Ok, so the rule changes are done. As predicted, replay remains on the field, overtime is standardized and coaches have more plays they don't have to worry about challenging.
But what about the "points of emphasis" and the "back of the book" changes? I have always said that these changes do more to affect the look of the game than the rule changes themselves.
It's best to first explain what they really mean.
A "point of emphasis" is taking an existing rule and telling the officials to interpret it to the letter of the law. There is to be no gray area. It is not a rule change but it can have a dramatic effect.
In 2004, the Competition Committee made illegal contact against eligible receivers a point of emphasis and the number of fouls called increased from 79 in 2003 to 191 in 2004. The average passing yards in a game increased from 400.9 yards to 421.1 and average points per game went from 41.7 to 43.0.
A "back of the book" change might be an edit to an existing rule but not a new rule that needs to be voted on by the owners. They have far less impact than a "point of emphasis," but clearly can have an effect on the game.
Let's first look at the points of emphasis for 2012:
-- Hey, Peyton Manning! You have not only changed teams, but you also can't be in the shotgun and thrust your hands forward while taking a big jab step unless the ball is snapped simultaneous with your movements. He is famous for this. The league has allowed quarterbacks in shotgun formation to get away with false starts for years.
Not anymore. If the ball is not snapped in concert with these movements, a flag will be thrown regardless of whether the defense reacts.
-- Hey, Jeff Saturday! Now that you are with the Packers, don't abruptly lift your head to coincide with Aaron Rogers' signal call unless you are snapping the ball at the same time. You got away with it with the Colts, but you won't now.
-- And finally, San Francisco 49ers coach Jim Harbaugh! If you are going to run a shift before the snap, it had better be smooth. If any of it is deemed to be abrupt, a false start will be called.
Here is the statement straight from the NFL’s competition committee report: "Prior to a snap, any quick, abrupt movement by an offensive player, or several offensive players in unison, which simulates the start of a snap, is a foul. These acts include (a) a quarterback in shotgun formation thrusting his hands forward in an exaggerated manner when there is not a simultaneous snap, (b) abrupt movement of the ball by the center, (c) abrupt movement by the center's head or other body part, and (d) a quick abrupt shift by two or more players in unison."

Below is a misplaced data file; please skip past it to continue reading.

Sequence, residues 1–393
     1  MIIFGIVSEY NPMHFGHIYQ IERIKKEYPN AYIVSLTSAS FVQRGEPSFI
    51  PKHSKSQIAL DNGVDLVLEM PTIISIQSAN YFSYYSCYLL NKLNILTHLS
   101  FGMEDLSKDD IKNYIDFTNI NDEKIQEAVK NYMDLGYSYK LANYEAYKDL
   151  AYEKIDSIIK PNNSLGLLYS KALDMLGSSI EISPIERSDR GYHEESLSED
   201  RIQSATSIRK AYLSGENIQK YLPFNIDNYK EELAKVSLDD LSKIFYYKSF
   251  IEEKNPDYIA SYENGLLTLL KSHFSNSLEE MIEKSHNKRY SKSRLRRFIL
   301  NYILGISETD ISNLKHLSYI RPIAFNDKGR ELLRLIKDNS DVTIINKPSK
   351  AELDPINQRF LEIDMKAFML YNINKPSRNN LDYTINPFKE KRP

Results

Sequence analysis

The other major "point of emphasis" regards formations, with the emphasis on the offensive tackles being on the line of scrimmage. This has been emphasized before. The rule states that, "in order for a lineman to be considered on the line of scrimmage, he must have his helmet break the vertical plane that passes through the belt line of the snapper."
Tackles regularly abuse this rule by lining up off the line, giving themselves an advantage blocking against a defensive end who takes an outside rush. The officials have been told to give a warning once and then throw the flag.
There are other points of emphasis, many of which are associated with player safety and sportsmanship. They include:
Blows to the head of an opponent in the tackle box
Horse collar tackle
Sportsmanship and taunting
The first two, however, are likely to create many more fouls until the players get the message and adhere to the existing rules. If they don't and the officials follow the directive, it will be “flag day.” Let's hope the point is made by the end of the preseason.
In terms of "back of the book" changes, one stands out to me: A block in the back above the waist is a foul no matter when it occurs.
In the past it wasn't a foul if it occurred at the same time a runner was being tackled; at the same time a runner went out of bounds; at the same time a receiver made a fair catch; and in a few other situations.
Not any longer. It has been deemed to be a player-safety issue. The only time it is legal to block in the back above the waist is in the tackle box by a lineman.
We will see what kind of an effect this has in 2012.